The intestinal epithelium is the largest mucosal surface providing an interface between the external environment and the mammalian host. Under physiological circumstances the intestine represents the primary site for active transport of fluid and electrolytes from the gut lumen through the transcellular pathway. The paracellular pathway however serves as the predominant route for passive transepithelial solute flow. Healthy mature gut mucosa with its intact tj serves as the main barrier to the passage of macromolecules. Furthermore, the intestinal barrier functions as the major organ of defence against foreign antigens, toxins, and macromolecules entering the host via the oral/enteric route. During such healthy states, quantitatively small but immunologically significant fractions of antigens cross the defence barrier. These antigens are absorbed across the mucosa along two functional pathways. The vast majority of absorbed proteins (up to 90%) cross the intestinal barrier through the transcellular pathway, followed by lysosomal degradation that converts proteins into smaller non-immunogenic peptides. The remaining portion of proteins is transported as intact molecules, resulting in antigen specific immune responses. This latter phenomenon utilises the paracellular pathway that involves subtle but sophisticated regulation of intercellular tj that can contribute to antigen oral tolerance. When the integrity of the tj system is compromised such as during prematurity or exposure to radiation, chemotherapy, and/or toxins, an immune response to environmental antigens (including autoimmune diseases and food allergies) may develop.18
The specific cells that are important for the immune response lie in close proximity to the luminal antigens and account for up to 80% of all immunoglobulin producing cells in the body.19,20
Another important factor for intestinal immunological responsiveness is the major histocompatibility complex. HLA class I and class II genes are located in the major histocompatibility complex locus on chromosome 6. These genes code for glycoproteins, which bind and shuttle peptides from the cytoplasm to the cellular membrane making up the HLA-peptide complex, which is recognised by certain T cell receptors in the intestinal mucosa.21–23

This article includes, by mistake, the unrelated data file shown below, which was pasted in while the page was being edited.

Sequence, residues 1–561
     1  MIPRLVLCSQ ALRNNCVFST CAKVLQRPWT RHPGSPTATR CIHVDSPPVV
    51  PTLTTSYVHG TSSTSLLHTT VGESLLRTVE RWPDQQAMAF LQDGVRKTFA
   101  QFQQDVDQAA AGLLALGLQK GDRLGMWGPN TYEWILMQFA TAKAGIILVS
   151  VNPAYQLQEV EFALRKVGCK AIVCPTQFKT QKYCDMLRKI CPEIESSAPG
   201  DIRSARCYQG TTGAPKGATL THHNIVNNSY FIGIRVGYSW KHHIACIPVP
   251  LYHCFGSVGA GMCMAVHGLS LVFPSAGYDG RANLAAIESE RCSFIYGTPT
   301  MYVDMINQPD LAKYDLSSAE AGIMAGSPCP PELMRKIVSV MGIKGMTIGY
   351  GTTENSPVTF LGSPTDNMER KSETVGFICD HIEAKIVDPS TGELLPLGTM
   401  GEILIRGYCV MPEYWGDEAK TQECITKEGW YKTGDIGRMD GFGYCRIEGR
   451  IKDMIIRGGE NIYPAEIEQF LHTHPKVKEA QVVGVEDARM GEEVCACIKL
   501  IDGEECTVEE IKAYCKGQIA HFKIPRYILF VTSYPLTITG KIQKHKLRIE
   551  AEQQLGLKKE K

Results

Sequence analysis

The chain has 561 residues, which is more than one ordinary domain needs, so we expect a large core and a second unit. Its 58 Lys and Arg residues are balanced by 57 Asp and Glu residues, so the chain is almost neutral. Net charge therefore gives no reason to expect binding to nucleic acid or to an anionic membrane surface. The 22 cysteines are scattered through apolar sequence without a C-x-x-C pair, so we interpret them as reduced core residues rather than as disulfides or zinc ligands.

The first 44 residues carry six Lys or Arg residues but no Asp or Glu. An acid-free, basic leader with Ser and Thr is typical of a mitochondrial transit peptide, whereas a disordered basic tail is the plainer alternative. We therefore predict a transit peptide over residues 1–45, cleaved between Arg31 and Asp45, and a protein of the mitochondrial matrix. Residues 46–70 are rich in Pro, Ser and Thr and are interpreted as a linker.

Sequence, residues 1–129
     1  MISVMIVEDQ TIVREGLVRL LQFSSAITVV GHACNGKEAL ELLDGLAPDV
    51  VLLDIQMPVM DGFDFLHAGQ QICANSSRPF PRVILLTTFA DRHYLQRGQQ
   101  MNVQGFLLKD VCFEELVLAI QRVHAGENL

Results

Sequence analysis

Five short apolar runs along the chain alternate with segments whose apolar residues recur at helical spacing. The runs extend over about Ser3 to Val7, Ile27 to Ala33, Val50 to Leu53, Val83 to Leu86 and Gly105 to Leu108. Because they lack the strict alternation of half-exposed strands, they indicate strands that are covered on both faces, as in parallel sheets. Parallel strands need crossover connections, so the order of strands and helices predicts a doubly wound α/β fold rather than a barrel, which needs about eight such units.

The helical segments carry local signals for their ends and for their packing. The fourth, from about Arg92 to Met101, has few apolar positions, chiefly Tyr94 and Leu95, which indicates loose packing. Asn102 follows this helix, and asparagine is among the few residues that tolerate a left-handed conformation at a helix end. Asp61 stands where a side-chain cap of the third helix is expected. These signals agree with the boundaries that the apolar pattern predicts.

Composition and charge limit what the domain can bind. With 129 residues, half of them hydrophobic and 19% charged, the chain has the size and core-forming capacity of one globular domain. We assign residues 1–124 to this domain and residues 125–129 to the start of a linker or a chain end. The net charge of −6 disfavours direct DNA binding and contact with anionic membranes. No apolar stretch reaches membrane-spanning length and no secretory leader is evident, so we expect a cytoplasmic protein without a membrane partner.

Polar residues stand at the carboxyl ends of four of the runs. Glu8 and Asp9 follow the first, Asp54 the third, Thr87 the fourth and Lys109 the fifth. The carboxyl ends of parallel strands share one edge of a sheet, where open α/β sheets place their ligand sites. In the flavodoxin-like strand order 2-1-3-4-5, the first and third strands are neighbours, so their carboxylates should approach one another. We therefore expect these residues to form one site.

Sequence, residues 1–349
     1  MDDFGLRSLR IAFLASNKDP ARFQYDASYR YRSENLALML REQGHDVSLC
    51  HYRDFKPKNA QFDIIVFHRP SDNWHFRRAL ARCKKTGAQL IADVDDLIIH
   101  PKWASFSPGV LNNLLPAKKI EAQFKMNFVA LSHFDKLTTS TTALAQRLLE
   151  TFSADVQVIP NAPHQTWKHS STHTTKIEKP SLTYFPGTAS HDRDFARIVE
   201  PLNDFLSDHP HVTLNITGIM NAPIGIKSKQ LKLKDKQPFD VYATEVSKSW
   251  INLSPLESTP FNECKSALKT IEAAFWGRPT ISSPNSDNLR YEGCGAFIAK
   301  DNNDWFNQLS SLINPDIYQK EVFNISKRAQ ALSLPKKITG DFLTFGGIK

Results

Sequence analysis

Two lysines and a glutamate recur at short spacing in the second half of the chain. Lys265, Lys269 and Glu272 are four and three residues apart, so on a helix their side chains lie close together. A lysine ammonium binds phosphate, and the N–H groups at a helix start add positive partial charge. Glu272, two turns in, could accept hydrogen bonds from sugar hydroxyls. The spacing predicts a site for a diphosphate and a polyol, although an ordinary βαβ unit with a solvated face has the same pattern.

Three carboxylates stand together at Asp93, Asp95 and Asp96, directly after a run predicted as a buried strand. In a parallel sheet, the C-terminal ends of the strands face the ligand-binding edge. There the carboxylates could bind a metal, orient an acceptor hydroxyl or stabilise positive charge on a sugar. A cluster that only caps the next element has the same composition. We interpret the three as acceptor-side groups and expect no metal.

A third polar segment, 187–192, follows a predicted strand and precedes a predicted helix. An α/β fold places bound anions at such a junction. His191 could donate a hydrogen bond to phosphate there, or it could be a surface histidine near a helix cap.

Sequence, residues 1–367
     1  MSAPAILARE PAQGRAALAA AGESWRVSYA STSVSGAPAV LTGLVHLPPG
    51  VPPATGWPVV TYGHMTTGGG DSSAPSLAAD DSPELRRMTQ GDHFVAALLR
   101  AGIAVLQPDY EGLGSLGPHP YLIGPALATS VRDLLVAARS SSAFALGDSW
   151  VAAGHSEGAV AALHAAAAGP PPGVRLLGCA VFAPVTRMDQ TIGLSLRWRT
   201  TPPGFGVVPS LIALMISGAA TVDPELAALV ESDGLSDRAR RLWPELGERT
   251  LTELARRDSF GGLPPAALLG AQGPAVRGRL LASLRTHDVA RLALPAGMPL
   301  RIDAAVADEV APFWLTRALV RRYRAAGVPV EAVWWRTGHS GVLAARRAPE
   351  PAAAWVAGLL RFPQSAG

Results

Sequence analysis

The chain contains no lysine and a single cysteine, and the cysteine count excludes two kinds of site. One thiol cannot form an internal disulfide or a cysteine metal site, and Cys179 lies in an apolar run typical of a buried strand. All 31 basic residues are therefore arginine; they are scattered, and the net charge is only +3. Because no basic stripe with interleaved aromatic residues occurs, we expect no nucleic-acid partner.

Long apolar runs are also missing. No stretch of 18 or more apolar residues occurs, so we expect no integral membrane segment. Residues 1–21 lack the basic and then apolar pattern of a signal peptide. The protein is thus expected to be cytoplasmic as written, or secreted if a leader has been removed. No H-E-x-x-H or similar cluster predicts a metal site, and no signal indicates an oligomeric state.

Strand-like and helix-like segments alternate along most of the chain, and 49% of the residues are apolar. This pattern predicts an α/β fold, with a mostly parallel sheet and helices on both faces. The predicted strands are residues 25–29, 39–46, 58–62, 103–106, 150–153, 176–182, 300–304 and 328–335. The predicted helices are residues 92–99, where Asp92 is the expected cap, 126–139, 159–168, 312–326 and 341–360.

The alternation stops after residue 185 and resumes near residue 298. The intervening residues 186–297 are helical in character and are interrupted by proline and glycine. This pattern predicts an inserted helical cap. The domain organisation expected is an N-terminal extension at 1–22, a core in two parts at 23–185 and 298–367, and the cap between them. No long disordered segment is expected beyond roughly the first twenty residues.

Susceptibility to at least 50 diseases, including CD, has been associated with specific HLA class I or class II alleles. A common denominator of these diseases is the presence of several pre-existing conditions leading to an autoimmune process. The first component needed to develop an autoimmune process is a genetic susceptibility for the host immune system to recognise, and potentially misinterpret, an environmental antigen presented within the gastrointestinal tract. Secondly, the host must be exposed to the antigen. Finally, the antigen must be presented to the gastrointestinal mucosal immune system following its paracellular passage (normally prevented by the tj competency) from the intestinal lumen to the gut submucosa.24–26
In all cases, increased permeability appears to precede the disease and causes an abnormality in antigen delivery that triggers the multiorgan process leading to the autoimmune response.27
While our knowledge of tj ultrastructure and intracellular signalling events have significantly progressed during the past decade,11
relatively little is known about their pathophysiological regulation secondary to extracellular stimuli. Therefore, the intimate pathogenic mechanisms of diseases in which tj are affected have remained unexplored owing to our limited understanding of the extracellular signalling involved in tj regulation.13
The discovery of Vibrio cholerae
derived Zot has shed some light on the intricate mechanisms involved in the modulation of the intestinal paracellular pathway11,14,19
and has allowed us to identify an intestinal mammalian analogue that participates in tj regulation.9,10,16
This analogue, that we have named zonulin, represents a novel eukaryotic protein that reversibly opens intestinal tj.9
We have recently demonstrated that zonulin expression is increased during the early stage of CD,10
suggesting that the reported opening of tj at the early stage of the disease28,29
could be mediated by zonulin.